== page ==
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  • Nick
    Dane Brugler’s Top 10 Senior Bowl storylines
    Nick
    Dane Brugler’s Top 10 Senior Bowl storylines: Drew Lock vs. Daniel Jones the main attraction
    By Dane Brugler Jan 21, 2019 19

    For​ one week every January,​ the​ NFL​ invades Mobile, Ala.,​ for the annual​ Reese’s Senior​ Bowl. The​ all-star exhibition fields​ the top​​ senior college prospects for an audition in front of hundreds of NFL scouts, coaches and evaluators.

    The Senior Bowl game is scheduled for Saturday, Jan. 26, at 2:30 p.m. ET at Ladd-Peebles Stadium and will be aired on NFL Network. However, it is the daily practices throughout the week that truly matter for the NFL evaluators in attendance.

    The North Team will be coached by the Oakland Raiders and the South team will be coached by the San Francisco 49ers.

    Below are 10 storylines to track during Senior Bowl week.

    10. Washington State’s Andre Dillard is the top offensive lineman in Mobile — does he live up to that high billing?
    Evaluating Washington State offensive linemen can be a difficult task with the wide splits and the quick-strike design of the offense. Nonetheless, left tackle Andre Dillard is one of the most impressive blockers I have studied on tape this fall, projecting as the top senior offensive lineman on my draft board.

    With his light feet, body flexibility and core power, Dillard is rarely beat around the corner, maintaining his balance in his movements. His lack of length is a concern, but he uses quick reflexes and a violent swipe to eliminate the reach of rushers. Dillard’s ability to process and play under control will be vital traits during practice drills.

    A strong week in Mobile could help Dillard go from a possible first-round pick to a probable first-round pick. But it won’t be easy going up against the quarterback assassins on the South squad like Old Dominion’s Oshane Ximines, who also is looking to prove why he belongs in the top-32 discussion.

    9. Premium pass rush talent ready to steal the show
    Regardless of the names on the back of the jerseys, the quarterbacks are always the main attraction at all-star games. However, the quarterback hunters off the edge like Ximines will attempt to change that this week during Senior Bowl practices.

    The NCAA’s all-time sack leader, Louisiana Tech’s Jaylon Ferguson, surpassed Terrell Suggs’ record with 45 career sacks and is looking to make it back-to-back years with a first-round Conference USA pass rusher (Marcus Davenport). It is easy to spot Ferguson on film because he is routinely the first defensive lineman out of his stance, using his quickness, motor and length to get blockers off schedule. If those traits show during practices, he will cement top-40 status in the eyes of some scouts.

    Although he is a better run defender than pass rusher right now, Boston College’s Zach Allen has the violent hands and contact balance to win off the edge. He projects as more of a base...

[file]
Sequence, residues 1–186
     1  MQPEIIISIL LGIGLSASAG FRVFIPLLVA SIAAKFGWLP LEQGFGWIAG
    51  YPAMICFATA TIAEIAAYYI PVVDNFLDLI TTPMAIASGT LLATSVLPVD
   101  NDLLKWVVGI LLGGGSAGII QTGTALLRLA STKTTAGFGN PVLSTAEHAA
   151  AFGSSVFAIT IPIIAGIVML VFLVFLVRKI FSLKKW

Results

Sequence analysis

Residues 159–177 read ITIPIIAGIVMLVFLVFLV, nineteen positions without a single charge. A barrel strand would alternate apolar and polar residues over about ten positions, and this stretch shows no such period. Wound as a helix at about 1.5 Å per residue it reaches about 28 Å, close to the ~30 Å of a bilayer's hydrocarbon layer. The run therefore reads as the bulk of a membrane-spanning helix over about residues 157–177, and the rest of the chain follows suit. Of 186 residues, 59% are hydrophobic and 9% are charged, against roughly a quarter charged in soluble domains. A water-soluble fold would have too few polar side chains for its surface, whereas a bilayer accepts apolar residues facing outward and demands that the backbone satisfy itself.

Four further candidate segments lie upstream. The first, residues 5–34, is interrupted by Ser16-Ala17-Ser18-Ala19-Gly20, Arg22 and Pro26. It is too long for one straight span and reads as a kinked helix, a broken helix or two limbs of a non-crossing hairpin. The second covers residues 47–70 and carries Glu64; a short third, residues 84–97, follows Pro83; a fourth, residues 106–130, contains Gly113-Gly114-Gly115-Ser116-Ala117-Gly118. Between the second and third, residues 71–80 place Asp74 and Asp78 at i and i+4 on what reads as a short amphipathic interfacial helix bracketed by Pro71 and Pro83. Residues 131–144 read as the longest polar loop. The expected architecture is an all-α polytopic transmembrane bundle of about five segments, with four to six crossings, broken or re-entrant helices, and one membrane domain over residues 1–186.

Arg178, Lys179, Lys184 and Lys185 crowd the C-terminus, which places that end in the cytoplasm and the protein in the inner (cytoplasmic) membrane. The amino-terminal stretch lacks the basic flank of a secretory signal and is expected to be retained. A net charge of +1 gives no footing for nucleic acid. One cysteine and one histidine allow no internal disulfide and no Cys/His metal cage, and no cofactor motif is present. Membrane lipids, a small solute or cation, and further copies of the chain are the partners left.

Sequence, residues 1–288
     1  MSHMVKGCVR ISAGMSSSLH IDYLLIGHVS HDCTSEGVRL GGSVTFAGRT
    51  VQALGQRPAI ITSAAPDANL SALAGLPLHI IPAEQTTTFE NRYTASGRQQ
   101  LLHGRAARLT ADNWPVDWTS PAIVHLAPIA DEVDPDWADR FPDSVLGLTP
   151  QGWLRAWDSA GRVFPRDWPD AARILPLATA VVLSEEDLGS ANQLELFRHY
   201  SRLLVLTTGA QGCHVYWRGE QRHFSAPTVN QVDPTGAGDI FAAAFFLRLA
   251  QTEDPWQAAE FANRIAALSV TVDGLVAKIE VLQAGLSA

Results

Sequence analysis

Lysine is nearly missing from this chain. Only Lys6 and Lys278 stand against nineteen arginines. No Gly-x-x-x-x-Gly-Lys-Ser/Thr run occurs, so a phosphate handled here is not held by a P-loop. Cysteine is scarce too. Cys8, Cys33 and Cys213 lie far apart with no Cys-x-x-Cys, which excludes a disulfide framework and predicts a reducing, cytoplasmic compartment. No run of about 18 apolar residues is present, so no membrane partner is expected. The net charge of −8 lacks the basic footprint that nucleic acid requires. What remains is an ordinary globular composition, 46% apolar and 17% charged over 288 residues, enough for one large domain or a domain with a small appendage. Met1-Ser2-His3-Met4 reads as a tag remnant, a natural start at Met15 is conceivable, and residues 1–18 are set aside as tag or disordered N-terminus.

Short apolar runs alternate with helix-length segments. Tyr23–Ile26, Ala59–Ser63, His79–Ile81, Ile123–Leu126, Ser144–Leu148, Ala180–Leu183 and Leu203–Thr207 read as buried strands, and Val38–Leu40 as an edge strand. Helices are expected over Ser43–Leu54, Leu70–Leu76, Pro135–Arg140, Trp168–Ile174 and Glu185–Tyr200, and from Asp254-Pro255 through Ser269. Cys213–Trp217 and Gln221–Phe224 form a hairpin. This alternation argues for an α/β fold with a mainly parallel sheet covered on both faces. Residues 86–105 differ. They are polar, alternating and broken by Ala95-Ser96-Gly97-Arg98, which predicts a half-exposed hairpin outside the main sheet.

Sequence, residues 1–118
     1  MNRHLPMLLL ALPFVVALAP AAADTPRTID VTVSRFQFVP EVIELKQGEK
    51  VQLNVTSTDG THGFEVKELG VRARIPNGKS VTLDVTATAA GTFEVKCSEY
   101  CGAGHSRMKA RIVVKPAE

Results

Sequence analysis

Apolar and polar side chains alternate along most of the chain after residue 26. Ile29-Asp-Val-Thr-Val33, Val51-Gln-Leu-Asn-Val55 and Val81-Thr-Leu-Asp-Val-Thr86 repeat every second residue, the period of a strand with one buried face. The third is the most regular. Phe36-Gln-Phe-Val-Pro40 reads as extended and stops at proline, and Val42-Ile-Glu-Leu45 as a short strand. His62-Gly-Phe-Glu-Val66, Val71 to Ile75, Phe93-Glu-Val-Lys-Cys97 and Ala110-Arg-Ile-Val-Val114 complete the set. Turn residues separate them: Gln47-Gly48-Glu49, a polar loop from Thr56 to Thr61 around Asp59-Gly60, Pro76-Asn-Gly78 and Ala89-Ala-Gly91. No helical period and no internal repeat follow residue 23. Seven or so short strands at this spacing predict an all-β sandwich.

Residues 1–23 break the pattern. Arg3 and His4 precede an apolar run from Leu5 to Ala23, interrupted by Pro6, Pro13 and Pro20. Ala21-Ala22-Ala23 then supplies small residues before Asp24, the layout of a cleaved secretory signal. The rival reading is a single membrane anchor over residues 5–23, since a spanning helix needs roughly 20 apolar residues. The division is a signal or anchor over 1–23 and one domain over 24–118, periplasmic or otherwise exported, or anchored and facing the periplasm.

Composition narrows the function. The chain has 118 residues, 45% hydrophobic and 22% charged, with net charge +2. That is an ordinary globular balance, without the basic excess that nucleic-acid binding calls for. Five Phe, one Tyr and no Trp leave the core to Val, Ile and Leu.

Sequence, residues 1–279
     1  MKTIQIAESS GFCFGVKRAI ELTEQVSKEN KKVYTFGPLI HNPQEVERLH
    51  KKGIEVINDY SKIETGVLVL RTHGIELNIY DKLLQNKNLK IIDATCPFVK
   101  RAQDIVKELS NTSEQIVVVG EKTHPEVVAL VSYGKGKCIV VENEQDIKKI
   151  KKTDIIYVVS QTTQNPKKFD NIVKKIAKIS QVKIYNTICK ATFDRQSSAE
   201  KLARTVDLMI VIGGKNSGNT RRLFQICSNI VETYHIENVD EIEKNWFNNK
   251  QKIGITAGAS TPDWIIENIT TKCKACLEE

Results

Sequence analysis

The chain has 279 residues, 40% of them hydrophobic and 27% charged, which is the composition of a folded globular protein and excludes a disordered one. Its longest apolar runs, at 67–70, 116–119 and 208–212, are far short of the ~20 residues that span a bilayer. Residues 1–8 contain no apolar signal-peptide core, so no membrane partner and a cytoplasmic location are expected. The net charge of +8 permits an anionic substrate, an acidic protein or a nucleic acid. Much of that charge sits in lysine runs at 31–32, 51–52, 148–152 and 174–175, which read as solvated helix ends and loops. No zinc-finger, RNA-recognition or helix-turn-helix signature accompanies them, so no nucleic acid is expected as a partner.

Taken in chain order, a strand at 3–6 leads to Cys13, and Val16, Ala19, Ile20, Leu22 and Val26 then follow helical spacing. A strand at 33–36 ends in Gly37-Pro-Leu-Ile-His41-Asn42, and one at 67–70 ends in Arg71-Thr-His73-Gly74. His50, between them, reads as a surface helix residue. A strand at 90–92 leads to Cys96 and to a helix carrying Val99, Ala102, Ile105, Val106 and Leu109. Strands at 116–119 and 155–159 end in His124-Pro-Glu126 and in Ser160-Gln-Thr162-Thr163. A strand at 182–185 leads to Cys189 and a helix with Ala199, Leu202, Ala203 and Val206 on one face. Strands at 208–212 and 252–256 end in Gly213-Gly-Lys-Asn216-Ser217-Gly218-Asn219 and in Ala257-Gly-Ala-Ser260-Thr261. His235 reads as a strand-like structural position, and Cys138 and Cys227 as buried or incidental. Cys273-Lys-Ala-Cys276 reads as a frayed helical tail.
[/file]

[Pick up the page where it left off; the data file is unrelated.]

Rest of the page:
3 weeks ago
  • Nick
    2018 DRAFT Round 3 #89: Rams take Joseph Noteboom, OT, TCU
    Nick
    Scouting Report: Joseph Noteboom
    2018 NFL Mock Draft
    DraftGeek’s Mock Draft
    School: TCU Position: Offensive Tackle Class: Senior Height: 6-5 Weight: 319 lbs Projected Draft Round: 4-6

    Scouting Report:
    Has a confounding prospect profile that is typical of most of the offensive linemen coming into the NFL lately- shows signs of good technique, balance, hand usage, bend, etc., but is wildly inconsistent. This pattern has much more to do with the offensive systems and the type of coaching they are receiving, as it doesn’t match what is expected of them in the next level. However, he showed well during the Senior Bowl, and if teams decide that circumstance is the reason that his tape is what it is, he could move into middle, even upper rounds. He has a big frame, but needs to add more quality bulk, but his athleticism and technique have shown enough to get the attention of scouts.




    Joseph Noteboom | 68
    OT | SR | TCU
    Ht: 6050 | Wt: 322 | Upd: 12/28/2017
    Hometown: Plano, Texas | High School: Plano High School
    Ourlads' Profile:

    At this point in mid-October, what was initially perceived to be a solid left tackle class after an underwhelming group in 2017 has more question marks than answers. The top players to watch at the position have either been hurt or don’t appear to have the foot speed for the left side. The top spot is still very much up for grabs.
    A name that was only somewhat on the radar prior to the season but has been creeping his way up is Joseph Noteboom, a fifth year senior and three year starter from TCU. In his first year on the left side, he has showed consistent foot speed and technique. The ultra-wide wingspan and easy kick slide make him a tough guy to beat off the edge. When his balance is there, Noteboom has showed the ability to neutralize both speed and power rushers alike. He does a solid job of keeping his hands inside with proper knee bend foot separation, making him able to maintain his power. There is still a lot of strength development and progression to be done, but his frame is easily something an NFL team can work with and matched with what he already has, there is a very high ceiling to work with here.